Dickinson and McTaggart

  • S. P. Rosenbaum


Goldsworthy Lowes Dickinson and John McTaggart Ellis McTaggart were older than Bertrand Russell and G. E. Moore, born in the 1860s instead of the 1870s, and their Apostolic philosophical significance for the literary history of the Bloomsbury Group preceded Russell’s and Moore’s more modern influences. Dickinson’s wide-ranging liberal enthusiasms and McTaggart’s conservative intellectual rigour — which illustrate again the King’s and Trinity aspects of the Society — were balanced in close friendship until the First World War. Both were attracted to mysticism, but their philosophical attitudes toward it were very different. McTaggart wrote characteristically, ‘All true philosophy must be mystical, not indeed in its methods, but in its final conclusions’ (Dialectic, p. 259). Dickinson wanted philosophy to be mystical in its methods too.


Literary History Philosophic Writer Form Alone Common Reader Late Dialogue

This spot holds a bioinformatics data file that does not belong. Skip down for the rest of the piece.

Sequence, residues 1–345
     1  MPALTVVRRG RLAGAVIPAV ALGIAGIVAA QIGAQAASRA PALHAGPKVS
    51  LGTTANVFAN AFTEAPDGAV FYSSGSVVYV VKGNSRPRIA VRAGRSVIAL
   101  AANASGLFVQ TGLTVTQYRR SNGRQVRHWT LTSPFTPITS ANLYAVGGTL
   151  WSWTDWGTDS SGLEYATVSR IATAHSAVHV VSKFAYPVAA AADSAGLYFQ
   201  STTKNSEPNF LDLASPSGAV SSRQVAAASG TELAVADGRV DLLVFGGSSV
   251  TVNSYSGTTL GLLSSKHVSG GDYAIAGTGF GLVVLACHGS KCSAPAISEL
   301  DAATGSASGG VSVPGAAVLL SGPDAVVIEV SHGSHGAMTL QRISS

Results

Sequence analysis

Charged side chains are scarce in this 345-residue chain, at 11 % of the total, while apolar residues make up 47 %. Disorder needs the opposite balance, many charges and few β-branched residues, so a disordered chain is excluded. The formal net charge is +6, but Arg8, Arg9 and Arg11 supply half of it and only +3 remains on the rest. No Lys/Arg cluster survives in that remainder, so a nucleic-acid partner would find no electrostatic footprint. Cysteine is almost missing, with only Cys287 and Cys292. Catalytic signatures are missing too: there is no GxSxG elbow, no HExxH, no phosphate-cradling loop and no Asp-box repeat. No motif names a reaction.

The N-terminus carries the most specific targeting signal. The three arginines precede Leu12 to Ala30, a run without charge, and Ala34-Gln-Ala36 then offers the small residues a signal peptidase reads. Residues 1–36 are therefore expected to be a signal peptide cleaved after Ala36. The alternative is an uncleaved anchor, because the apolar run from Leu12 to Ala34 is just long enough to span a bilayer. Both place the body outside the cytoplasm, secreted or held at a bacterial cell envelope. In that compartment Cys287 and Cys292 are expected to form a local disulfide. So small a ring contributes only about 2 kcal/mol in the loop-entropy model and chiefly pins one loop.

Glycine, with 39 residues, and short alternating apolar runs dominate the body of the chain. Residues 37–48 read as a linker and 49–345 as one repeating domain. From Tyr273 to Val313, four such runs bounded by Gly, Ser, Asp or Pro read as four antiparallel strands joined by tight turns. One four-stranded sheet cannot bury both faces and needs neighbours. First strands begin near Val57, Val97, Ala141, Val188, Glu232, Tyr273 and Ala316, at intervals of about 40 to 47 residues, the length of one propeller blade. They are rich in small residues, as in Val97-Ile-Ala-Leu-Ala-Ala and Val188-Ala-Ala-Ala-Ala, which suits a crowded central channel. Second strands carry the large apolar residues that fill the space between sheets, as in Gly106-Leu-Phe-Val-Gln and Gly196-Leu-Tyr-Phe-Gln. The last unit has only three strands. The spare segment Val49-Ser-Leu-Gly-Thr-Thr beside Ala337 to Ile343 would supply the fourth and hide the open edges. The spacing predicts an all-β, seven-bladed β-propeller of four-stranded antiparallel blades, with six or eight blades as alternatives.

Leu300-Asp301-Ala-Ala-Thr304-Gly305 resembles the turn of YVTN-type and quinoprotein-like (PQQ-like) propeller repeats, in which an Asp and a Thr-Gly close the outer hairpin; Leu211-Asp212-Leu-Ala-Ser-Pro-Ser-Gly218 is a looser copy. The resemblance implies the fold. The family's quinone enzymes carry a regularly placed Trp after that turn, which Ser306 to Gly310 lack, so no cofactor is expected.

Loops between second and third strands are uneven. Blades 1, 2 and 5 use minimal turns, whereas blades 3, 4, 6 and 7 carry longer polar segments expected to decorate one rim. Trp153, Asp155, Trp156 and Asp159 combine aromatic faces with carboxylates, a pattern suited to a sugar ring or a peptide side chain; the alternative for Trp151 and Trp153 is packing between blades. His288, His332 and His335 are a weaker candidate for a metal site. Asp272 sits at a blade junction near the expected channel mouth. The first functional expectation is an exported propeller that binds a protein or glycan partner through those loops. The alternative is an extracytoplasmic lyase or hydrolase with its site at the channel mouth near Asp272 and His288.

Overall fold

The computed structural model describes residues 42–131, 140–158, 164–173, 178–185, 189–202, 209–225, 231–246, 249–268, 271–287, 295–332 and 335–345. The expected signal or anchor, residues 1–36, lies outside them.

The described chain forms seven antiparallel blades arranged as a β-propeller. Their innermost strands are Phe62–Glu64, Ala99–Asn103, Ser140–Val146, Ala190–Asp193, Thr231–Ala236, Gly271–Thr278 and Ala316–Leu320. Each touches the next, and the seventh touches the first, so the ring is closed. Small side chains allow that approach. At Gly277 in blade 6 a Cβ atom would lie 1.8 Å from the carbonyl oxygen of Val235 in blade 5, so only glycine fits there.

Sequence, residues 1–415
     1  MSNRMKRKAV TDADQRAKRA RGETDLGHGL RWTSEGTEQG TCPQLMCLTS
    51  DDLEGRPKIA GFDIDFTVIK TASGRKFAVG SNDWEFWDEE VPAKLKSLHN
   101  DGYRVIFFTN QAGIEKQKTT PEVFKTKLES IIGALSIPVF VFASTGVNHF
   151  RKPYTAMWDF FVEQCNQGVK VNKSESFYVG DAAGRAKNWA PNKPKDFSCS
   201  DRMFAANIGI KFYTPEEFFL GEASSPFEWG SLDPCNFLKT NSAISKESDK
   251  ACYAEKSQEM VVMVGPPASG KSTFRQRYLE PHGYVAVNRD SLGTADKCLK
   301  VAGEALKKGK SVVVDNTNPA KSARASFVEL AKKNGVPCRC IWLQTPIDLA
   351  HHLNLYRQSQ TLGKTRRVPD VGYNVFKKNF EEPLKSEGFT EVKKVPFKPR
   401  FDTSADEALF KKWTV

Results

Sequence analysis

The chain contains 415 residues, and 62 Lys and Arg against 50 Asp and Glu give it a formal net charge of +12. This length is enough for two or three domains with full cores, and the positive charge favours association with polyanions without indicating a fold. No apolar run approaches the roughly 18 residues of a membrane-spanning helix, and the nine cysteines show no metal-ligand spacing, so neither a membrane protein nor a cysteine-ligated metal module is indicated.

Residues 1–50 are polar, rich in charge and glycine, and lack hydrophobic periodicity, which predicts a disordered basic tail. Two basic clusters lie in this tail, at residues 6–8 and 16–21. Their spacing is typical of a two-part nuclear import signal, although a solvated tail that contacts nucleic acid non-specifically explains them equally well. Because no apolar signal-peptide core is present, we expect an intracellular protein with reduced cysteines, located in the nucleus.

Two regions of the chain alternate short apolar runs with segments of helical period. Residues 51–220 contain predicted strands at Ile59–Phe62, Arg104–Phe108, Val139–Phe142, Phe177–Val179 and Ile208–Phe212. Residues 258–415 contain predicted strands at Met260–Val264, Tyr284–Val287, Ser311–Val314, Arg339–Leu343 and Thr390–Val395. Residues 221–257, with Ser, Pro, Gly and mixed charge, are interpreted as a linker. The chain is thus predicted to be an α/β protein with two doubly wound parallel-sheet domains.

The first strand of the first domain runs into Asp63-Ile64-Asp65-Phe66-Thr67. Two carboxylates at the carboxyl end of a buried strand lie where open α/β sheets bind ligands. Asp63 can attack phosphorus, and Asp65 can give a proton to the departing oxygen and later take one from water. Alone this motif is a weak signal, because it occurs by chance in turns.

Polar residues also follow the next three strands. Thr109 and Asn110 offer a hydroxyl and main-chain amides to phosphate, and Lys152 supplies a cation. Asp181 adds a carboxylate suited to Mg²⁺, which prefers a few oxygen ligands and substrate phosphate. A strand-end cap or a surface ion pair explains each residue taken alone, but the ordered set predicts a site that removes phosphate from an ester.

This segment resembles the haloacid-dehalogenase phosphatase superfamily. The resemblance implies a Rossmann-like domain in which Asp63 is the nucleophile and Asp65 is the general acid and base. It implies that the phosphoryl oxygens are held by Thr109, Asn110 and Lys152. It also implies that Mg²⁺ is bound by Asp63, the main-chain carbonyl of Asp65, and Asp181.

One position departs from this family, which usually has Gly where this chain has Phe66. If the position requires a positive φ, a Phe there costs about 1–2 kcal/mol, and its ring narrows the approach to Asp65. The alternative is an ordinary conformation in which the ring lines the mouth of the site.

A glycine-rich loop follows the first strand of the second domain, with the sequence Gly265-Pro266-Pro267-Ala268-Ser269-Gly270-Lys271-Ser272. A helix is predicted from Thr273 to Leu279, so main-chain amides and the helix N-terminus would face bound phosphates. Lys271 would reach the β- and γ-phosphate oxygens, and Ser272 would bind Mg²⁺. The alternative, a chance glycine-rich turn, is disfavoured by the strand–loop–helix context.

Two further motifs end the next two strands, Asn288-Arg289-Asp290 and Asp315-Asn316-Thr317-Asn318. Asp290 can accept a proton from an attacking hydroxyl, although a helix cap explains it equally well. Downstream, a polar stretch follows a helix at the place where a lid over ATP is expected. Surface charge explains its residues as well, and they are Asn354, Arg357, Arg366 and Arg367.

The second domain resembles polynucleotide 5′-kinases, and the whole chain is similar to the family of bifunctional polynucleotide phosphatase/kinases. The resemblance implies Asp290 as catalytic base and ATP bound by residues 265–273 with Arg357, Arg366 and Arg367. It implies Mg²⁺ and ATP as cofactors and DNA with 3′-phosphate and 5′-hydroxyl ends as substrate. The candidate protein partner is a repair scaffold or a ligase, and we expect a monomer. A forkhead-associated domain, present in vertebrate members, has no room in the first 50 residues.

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  1. 4.
    Some Dogmas of Religion brought McTaggart a fan letter from Thomas Hardy, who wrote that in The Dynasts he was trying to sketch a negative philosophy not all that different from McTaggart’s. In addition to Hardy and Yeats, McTaggart also impressed two modern novelists in different ways. H. G. Wells mocked him in The New Machiavelli (1911) as Codger, whose ‘woven thoughts’ lay across the narrator’s perception of realities when he was his student at Cambridge (ch. 3). Wells’s antipathy may have increased the admiration of one of his writer loves, Dorothy Richardson. In Deadlock (1921), the sixth novel of Pilgrimage, she represented McTaggart in propria persona as a lecturer in philosophy who influences the heroine towards a mystical individualism (ch. 7; C. Blake, pp. 57ff.).Google Scholar

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© S. P. Rosenbaum 1987

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  • S. P. Rosenbaum

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